Of interest to those involved in privacy legislation, two significant bills that reached Governor Gavin Newsom’s Desk were vetoed in late September.
AB 1138 by Assemblyman James Gallagher (D-Yuba City)
This bill, on and after July 1, 2021, would have prohibited a person or business that conducts business in California, and that operates a social media website or application from allowing a person who the business actually knows is under 13 years of age to create an account with the website or application unless the website or application obtains the consent of the person’s parent or guardian before creating the account.
The business would have had to use a method that includes reasonable measures to ensure that the person giving their consent is the parent or legal guardian of the person under 13 years of age. The bill would have deemed a business to have actual knowledge of a consumer’s age if it willfully disregards the consumer’s age.
Governor Newsom wrote in his veto message: “I am returning Assembly Bill 1138 without my signature. This bill would require the operator of a social media website or application to prohibit a person known to be under 13 years old from creating an account unless consent is obtained from the person’s parent or guardian.
“As a parent of four, I understand and care deeply about the importance of protections for safe consumption of media and technology by children.
“Existing federal law requires operators of internet websites or online services to obtain parental or guardian consent before collecting personal information from a child known to be under 13 years old. States have the ability to enforce this law.
“Given its overlap with federal law, this bill would not meaningfully expand protections for children, and it may result in unnecessary confusion.
“As I agree with the spirit of this bill, my Administration is open to exploring ways to build upon current law to expand safeguards for children online.”
SB 980 by Sen. Tom Umberg (D-Santa Ana)
This bill would have established the Genetic Information Privacy Act, which would have required a direct-to-consumer genetic testing company, or any other company that collects, uses, maintains, or discloses genetic data collected or derived from a direct-to-consumer genetic testing product or service, or provided directly by a consumer, to provide a consumer with certain information regarding the company’s policies and procedures for the collection, use, maintenance, and disclosure, as applicable, of genetic data, and to obtain a consumer’s express consent for collection, use, or disclosure of the consumer’s genetic data.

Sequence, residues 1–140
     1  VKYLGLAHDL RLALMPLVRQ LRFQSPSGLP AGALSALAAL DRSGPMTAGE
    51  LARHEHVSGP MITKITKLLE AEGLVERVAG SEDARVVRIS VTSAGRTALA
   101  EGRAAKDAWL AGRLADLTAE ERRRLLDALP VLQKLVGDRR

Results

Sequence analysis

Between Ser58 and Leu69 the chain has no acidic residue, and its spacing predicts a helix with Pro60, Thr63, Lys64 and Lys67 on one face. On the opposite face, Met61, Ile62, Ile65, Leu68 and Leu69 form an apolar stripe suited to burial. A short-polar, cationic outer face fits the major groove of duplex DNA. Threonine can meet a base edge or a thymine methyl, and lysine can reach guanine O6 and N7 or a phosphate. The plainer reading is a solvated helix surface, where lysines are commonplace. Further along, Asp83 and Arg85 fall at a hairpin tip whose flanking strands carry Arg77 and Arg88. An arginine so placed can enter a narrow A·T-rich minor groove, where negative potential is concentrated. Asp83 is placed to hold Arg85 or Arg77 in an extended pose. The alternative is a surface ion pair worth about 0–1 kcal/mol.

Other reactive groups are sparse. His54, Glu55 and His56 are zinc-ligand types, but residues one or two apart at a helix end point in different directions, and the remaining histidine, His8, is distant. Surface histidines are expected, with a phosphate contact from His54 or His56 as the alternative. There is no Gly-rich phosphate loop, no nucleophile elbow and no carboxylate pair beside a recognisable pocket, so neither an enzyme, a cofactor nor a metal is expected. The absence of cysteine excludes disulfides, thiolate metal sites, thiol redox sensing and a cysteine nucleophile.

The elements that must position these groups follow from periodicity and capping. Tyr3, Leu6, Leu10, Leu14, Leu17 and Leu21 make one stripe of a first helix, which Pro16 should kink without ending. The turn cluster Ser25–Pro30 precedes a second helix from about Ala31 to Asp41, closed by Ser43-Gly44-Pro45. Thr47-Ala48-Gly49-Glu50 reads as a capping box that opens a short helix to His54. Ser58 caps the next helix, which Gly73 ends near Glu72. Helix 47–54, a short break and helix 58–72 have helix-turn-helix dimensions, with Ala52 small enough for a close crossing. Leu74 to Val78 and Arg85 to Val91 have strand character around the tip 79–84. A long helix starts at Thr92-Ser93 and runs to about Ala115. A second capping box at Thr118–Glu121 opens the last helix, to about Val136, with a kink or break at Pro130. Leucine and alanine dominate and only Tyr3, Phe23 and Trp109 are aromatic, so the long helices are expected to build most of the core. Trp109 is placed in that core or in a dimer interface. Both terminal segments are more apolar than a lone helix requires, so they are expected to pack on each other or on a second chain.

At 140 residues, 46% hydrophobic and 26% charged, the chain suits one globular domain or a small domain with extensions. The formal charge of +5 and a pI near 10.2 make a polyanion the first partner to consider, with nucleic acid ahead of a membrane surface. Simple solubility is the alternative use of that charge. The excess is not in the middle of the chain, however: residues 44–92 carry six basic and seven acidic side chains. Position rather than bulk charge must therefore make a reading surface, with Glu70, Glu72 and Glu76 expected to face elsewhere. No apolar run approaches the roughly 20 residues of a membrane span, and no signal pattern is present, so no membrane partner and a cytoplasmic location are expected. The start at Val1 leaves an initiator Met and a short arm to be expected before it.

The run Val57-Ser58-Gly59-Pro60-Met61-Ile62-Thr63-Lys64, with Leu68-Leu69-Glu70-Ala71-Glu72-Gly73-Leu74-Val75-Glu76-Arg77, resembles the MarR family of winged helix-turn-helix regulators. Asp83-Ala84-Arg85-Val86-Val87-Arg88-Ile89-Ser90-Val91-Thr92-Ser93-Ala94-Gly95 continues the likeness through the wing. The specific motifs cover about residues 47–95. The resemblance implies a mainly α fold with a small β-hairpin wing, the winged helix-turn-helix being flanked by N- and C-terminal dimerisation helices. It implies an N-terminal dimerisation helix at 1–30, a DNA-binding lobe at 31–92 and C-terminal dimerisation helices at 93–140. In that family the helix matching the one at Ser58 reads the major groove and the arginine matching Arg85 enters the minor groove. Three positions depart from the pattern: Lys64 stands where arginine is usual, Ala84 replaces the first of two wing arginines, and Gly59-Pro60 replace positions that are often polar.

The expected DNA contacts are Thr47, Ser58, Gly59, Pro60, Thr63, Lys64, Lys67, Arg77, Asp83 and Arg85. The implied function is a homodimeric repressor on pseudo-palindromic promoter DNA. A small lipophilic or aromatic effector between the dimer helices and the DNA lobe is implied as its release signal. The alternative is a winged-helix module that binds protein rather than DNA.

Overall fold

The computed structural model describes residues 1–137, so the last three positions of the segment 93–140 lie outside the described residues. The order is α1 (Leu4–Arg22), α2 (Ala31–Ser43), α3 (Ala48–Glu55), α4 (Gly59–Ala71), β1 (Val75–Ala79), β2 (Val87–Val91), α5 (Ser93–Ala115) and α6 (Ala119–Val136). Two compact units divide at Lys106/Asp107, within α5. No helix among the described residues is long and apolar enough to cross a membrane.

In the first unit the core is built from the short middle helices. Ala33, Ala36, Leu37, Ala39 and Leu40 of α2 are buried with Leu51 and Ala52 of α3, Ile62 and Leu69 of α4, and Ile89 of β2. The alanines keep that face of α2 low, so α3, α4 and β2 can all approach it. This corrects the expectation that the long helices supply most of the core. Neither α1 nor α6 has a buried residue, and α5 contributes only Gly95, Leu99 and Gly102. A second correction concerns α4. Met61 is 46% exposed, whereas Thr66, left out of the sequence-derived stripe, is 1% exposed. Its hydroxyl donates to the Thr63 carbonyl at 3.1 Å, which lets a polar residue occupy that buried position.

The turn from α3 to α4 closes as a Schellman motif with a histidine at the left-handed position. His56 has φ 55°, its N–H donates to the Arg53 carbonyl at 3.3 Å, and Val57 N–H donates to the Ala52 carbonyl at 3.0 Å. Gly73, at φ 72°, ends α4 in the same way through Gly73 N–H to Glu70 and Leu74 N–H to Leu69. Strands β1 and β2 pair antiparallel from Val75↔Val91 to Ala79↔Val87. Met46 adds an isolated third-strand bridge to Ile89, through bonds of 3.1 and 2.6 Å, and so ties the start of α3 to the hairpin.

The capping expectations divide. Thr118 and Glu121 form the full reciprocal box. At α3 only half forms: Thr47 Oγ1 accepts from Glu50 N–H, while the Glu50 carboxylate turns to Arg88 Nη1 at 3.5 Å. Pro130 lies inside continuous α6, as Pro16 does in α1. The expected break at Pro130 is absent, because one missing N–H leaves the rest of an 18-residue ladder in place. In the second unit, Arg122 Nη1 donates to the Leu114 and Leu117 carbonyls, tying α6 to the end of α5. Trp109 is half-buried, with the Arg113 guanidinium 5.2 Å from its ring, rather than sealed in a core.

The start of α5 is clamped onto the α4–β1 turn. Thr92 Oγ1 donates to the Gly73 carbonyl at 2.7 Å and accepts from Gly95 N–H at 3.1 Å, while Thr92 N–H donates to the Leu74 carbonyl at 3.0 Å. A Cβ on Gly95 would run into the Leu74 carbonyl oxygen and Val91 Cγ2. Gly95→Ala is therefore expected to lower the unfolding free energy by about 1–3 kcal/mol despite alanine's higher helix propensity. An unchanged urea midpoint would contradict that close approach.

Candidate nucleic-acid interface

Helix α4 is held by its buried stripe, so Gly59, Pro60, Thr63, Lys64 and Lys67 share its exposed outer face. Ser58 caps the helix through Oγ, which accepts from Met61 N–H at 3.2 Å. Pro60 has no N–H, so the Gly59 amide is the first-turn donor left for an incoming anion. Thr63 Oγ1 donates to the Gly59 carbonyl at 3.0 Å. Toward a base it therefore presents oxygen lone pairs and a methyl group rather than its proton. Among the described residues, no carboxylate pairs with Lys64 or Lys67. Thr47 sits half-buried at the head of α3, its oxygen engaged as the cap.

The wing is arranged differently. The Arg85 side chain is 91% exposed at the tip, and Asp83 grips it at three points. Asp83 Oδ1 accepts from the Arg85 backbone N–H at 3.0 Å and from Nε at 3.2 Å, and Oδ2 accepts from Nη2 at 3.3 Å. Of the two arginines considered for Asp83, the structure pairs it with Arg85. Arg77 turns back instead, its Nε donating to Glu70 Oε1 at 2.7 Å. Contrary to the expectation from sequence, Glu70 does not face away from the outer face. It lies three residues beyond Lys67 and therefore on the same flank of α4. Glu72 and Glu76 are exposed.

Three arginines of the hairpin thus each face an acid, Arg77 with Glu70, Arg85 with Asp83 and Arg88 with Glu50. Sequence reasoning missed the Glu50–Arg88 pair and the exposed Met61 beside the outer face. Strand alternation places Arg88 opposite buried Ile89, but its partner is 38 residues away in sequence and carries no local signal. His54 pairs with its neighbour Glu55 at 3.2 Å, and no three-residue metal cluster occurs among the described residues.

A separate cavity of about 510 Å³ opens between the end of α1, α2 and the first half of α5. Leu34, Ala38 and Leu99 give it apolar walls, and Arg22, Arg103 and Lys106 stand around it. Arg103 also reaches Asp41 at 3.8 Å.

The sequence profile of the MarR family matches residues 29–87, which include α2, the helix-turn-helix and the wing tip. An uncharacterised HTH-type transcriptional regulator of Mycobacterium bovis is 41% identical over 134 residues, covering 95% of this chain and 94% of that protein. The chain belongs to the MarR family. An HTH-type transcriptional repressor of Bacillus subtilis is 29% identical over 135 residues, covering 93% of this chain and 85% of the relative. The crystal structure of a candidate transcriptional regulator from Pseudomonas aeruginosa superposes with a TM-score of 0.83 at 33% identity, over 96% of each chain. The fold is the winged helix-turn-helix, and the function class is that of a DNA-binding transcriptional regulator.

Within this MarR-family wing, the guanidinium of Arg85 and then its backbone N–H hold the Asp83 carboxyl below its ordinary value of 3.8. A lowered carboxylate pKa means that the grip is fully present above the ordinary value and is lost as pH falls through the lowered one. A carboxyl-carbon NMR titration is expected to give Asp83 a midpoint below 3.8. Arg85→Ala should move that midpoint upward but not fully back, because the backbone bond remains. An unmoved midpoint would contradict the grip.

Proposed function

Governor Newsom wrote in his veto message: “I am returning Senate Bill 980 without my signature. This bill would establish requirements for direct-to-consumer genetic testing companies, providing opt-in privacy rights and protections for consumers.
“I share the perspective that the sensitive nature of human genetic data warrants strong privacy rights and protections.
“However, the broad language in this bill risks unintended consequences, as the ‘opt-in’ provisions of the bill could interfere with laboratories’ mandatory requirement to report COVID-19 test outcomes to local public health departments, who report that information to the California Department of Public Health. This reporting requirement is critical to California’s public health response to the COVID-19 pandemic, and we cannot afford to unintentionally impede that effort.”
“Because I agree with the primary goal of this bill, I am directing the California Health and Human Services Agency and the Department of Public Health to work with the Legislature on a solution that achieves the privacy aims of the bill while preventing inadvertent impacts on COVID-19 testing efforts.”
With both of these measures, and the Governor’s stated desire to have legislation on these topics, we can expect to see both bills back in some form during the 2021 Legislative Session which officially gets underway on Monday, December 7.